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SA ‘finding a space’ for investors, says Finance Minister Godongwana, but list of risks growing by Carien du Plessis, Daily Maverick May 29, 2022 SA ‘finding a space’ for investors, says Finance Minister Godongwana, but list of risks growing by Carien du Plessis, Daily Maverick May 29, 2022 South Africa has some unique prospects as an investor destination, but it will need to manage a growing number of risks, says Finance Minister Enoch Godongwana.Court ruling on firearm licences – Minister of Police gets a bloody..Mobilisation of R130bn in concessional finance and grants yet to find its way into SA, six months later 29 May 2022 - 00:00 By THABISO MOCHIKO Little progress has been made in finalising the multibillion-rand funding for the Just Energy Transition, six months after the announcement, with suggestions that political pressure should be put on donor countries given the electricity constraints in SA.

“We have constructed a narrative which is finding some space within the investor community,” Godongwana said on the sidelines of the African Development Bank’s (AfDB’s) annual meetings in Accra on Friday. Godongwana said that during an event he attended on the sidelines of the meeting on Thursday night, some analysts and investors told him that, “strange enough, despite all your challenges, there seems to be an emerging market in which South Africa is the darling”.. This is despite the conflict in Ukraine, which is expected to push up inflation considerably, and which has seen fuel prices rise to record highs, with another one in the offing this week. On the other hand, Russia is no longer an option for investors in emerging markets, with financial sanctions from the West making it an “uninvestable” destination. This is a watershed judgment in favour of all firearm owners in South Africa. There is some bad news with the good for South Africa, Godongwana said. Already subscribed? Simply sign in below.

“We are going to see inflation rising a great deal,” he said, also due to the present strict Covid-19 lockdown in China, which is a major consumer of the commodities South Africa produces. He held the view that persons would unlawfully be in possession of their firearms if their licences had expired and they had not applied for the renewal of such licence within the three-month deadline. “We are also going to see major supply disruptions,” Godongwana said regarding the Ukraine conflict. He said although the conflict would also affect the wheat and rice imports from the Ukraine and Russia, South Africa was expected to have a good maize harvest season. With the judgment, the Constitutional Court gives the Minister a bloody nose and confirms the property rights owners possess in respect of their firearms. Fertiliser would, however, possibly become an issue. “So there is conflict, yes, but the question is to what an extent are we going to manage the risk,” he said, “to such an extent that we don’t lose that confidence. Dr Pieter Groenewald tabled a Private Member’s Bill on this matter in Parliament in 2017 already.

” Eskom, “a major challenge for the state”, is one of the biggest risk factors from a public finance point of view and the lingering issue of e-tolls, which “is going to kill Sanral” if unattended to, Godongwana said. Transnet is also beginning to feature as a risk, South African Airways “is still lingering”, Denel is a problem, while state-owned enterprises “as a whole constitute a major risk”. The person remains the legal owner of the vehicle, or the firearm, and pays a fine for the period that the licence is overdue. The rising public wage bill is, from a market perspective, another risk. The petrol issue is adding to the risks, he said. The FF Plus encourages all firearm owners to immediately apply for a new licence if their old licence has expired. The National Treasury gave consumers a reprieve by slashing R1.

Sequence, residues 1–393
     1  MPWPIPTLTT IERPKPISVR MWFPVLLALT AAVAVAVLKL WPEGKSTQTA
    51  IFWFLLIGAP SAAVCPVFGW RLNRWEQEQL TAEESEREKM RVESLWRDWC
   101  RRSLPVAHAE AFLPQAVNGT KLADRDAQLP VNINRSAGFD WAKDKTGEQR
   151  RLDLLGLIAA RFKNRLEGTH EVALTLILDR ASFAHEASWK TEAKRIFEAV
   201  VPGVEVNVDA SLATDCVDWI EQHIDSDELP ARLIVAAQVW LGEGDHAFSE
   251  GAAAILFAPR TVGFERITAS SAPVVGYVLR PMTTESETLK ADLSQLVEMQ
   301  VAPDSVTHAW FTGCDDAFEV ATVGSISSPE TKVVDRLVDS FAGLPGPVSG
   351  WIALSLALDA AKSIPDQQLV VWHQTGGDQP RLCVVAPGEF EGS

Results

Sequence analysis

50 off the fuel levy in March to cushion the blow of the price rises, but, what this means, is that “it is containing the amount that should be available for economic development”, he said. Read the original article in Afrikaans by Dr Pieter Groenewald on. $27bn leveraged off COP26 pledge The biggest news for South Africa from the five-day AfDB gathering last week was the fact that the bank has vouched to leverage $27-billion off the $8.5-billion (R130-billion) pledged in concessional finance and grants by the United Kingdom, the United States, France, Germany and the European Union as part of the Just Energy Transition Partnership forged at the COP26 gathering last year. This means South Africa will now have roughly three times the pledged amount at its disposal to reduce the carbon intensity of its electricity system, while also developing new sectors such as green hydrogen and electric vehicles. Godongwana said it wasn’t just about countering climate change and “planting renewable plants all over the place and to forget that we’re talking about a just transition”.

When coal-fuelled plants are decommissioned in a place like Mpumalanga, there has to be an alternative development strategy, he said. “It’s no longer just about the environment, but it’s about an alternative development model.” The money raised will be dispensed in tranches to the Presidential Climate Commission, headed by Daniel Mminele and deputised by Valli Moosa, Godongwana said. Mminele and Moosa reportedly complained at a meeting in Pretoria on Friday that little progress has been made to finalise the funding. According to a joint statement between South Africa and the AfDB on Thursday, Godongwana also requested technical support with the Just Energy Transition process, which will be provided through the bank’s COP26 Energy Transition Council Rapid Response Facility, financed by the Bank’s Sustainable Energy Fund for Africa.

“The technical assistance will be targeted at enhancing the capacities of relevant institutions in South Africa — primarily the Asset and Liability Management (ALM) Division of the National Treasury and the Presidential Climate Finance Task Team (PCFTT) — to engage and negotiate with external and internal partners of the South African Just Energy Transition process,” the statement read. AfDB president Akinwumi Adesina said at a media breakfast on Monday that the bank was working closely with the Bank of America to raise the $27-billion. Godongwana said during the interview the AfDB had been funding a lot of infrastructure projects in South Africa, including the Medupi Power Project, and that South Africa was “a major shareholder” in the bank. He said the heavy rains in KwaZulu-Natal, as well as the floods last month, were a reminder that South Africa needed to prioritise climate change. Asked whether any of the $1.

5-billion pledged by the bank for food security relief in the wake of the Ukraine crisis will be coming to South Africa, Godongwana responded in the negative. “The general view is that South Africa isn’t facing food scarcity [compared with many other African countries] and is not going to be a priority from that angle.” DM   This article first appeared on Daily Maverick and is republished here under a Creative Commons license. Copy to Clipboard .